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All You Need to Know About Dealing with Conflict in INTJ Relationships

All You Need to Know About Dealing with Conflict in INTJ Relationships

Have you ever had a family member who is extremely smart, but not the greatest at emotionally connecting with you?

Or do you have a friend that questions everything you do and loves to ask the question “why?”

Or maybe you have a very intelligent boss who is capable of solving complicated problems, but he never listens to any of your good ideas?

Chances are that you are in a relationship with someone in the INTJ Meyers-Brigg personality.

Being in an INTJ relationship can be quite challenging so here’s the breakdown on everything you need to know about them and how to best connect with them.

For the purposes of this article, I will be personifying the INTJ personality and using it as a noun.

What is an INTJ?

INTJ’s are one of the most rarest personality types and form only 2% of the population. Here is a brief overview of the characteristics:

  • (I)ntroversion – They focus their attention inward and get their energy from having time alone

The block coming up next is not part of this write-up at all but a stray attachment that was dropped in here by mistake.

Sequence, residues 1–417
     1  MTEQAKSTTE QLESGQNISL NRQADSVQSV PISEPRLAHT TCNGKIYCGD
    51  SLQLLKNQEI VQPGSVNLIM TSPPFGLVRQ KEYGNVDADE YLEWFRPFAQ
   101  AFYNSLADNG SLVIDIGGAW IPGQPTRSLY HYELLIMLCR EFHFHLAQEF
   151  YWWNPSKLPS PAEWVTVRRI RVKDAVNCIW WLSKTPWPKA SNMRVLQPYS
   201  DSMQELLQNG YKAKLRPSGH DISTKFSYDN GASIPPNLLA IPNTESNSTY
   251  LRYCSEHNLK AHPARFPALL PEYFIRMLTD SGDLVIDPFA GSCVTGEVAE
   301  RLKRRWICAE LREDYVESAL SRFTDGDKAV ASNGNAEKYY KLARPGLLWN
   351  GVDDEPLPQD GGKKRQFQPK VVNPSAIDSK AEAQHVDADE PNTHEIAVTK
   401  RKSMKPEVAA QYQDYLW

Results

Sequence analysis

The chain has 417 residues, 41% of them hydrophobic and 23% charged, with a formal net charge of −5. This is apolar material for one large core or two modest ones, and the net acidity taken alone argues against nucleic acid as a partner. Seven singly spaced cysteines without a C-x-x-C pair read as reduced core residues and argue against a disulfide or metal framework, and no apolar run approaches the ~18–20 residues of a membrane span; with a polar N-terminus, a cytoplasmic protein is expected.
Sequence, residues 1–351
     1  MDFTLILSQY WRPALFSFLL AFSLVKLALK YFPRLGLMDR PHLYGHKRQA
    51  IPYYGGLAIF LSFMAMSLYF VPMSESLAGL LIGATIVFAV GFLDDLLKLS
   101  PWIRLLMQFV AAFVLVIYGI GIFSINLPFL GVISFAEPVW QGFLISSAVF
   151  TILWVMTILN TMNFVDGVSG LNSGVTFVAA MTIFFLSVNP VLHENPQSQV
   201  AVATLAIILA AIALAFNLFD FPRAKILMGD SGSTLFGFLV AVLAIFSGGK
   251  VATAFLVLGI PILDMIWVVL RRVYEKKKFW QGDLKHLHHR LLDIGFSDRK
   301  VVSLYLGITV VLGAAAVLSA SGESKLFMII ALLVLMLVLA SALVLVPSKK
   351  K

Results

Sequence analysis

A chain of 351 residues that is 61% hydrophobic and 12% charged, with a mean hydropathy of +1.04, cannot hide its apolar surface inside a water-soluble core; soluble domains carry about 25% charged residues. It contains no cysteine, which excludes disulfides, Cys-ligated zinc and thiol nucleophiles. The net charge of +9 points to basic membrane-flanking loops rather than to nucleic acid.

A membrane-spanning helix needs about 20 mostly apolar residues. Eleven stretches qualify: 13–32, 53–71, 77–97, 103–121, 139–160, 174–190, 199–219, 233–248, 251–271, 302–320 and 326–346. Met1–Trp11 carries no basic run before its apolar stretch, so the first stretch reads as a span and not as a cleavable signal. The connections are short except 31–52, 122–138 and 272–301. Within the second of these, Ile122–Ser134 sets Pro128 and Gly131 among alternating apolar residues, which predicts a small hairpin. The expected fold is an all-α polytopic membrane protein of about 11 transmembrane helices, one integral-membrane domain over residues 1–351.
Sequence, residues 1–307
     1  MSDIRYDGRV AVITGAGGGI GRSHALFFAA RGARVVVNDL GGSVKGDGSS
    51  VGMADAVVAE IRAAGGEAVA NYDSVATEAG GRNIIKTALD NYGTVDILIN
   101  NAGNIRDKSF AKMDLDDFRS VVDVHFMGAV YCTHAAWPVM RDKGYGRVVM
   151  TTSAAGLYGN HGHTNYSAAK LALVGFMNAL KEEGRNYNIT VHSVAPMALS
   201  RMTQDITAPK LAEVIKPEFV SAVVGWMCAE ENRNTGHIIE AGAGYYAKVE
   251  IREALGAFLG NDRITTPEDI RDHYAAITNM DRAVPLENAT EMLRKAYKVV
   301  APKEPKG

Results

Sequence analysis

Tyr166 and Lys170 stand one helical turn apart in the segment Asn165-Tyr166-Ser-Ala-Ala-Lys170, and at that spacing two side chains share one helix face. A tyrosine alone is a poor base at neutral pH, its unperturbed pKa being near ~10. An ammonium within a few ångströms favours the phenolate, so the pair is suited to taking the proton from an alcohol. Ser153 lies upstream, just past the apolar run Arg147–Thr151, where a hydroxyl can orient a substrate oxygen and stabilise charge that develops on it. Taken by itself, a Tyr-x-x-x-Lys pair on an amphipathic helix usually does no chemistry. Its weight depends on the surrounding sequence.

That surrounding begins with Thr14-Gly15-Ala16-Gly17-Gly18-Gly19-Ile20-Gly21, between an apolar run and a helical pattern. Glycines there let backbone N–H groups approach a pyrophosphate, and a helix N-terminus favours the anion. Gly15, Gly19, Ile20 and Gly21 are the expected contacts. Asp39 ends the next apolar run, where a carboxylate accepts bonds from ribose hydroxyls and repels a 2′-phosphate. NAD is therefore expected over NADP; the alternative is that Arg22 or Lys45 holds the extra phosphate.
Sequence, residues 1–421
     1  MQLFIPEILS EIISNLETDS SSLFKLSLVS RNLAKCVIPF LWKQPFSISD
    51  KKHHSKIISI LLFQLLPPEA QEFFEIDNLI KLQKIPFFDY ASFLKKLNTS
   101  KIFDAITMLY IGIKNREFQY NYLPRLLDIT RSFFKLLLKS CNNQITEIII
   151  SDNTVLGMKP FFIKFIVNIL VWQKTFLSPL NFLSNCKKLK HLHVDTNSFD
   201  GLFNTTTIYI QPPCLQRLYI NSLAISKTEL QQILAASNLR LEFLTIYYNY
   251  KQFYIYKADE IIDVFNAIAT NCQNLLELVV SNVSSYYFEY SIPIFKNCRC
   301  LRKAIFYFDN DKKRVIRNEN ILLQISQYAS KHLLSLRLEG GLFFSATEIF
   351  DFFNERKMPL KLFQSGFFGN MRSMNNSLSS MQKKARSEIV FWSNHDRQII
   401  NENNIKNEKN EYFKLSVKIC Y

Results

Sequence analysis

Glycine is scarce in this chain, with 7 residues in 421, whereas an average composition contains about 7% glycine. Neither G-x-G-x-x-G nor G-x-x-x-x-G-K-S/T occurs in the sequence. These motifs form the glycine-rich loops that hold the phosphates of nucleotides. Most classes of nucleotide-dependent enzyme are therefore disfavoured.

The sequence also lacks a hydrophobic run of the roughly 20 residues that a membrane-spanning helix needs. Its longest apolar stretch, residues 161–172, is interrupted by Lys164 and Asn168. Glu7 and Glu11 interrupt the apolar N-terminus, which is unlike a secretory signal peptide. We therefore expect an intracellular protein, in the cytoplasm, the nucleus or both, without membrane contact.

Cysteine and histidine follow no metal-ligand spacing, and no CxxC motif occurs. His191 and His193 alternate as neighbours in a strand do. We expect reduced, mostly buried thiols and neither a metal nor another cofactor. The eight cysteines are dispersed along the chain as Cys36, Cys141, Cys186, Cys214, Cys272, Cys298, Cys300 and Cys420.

• i(N)tuition– They rely on the information they get from within themselves. As a result, they tend to focus more on ideas and concepts rather than facts and details.
  • (T)hinking – They prefer to make their decisions based on their own logical reasoning and analysis rather than their own emotions.
  • (J)udgement – They orient themselves to the external world through planning and organization rather than going with the flow and having sponinaeity.

What are INTJs like?

INTJs are natural born leaders, but they don’t rush to take charge of situations unless they feel it’s absolutely necessary. They are able to think quick on their feet and come up with effective solutions when things are not going well.

They are intensely curious and have an engineering type mind where they always have a need to comprehend how things work.

More importantly, the purpose of their need to understand things actually isn’t to satisfy their curiosity, but it’s more to figure out how to apply that knowledge in an innovative manner to effectively create improvement.

Their high level of competency enables them to do this very effective and it doesn’t take them long to understand new ideas.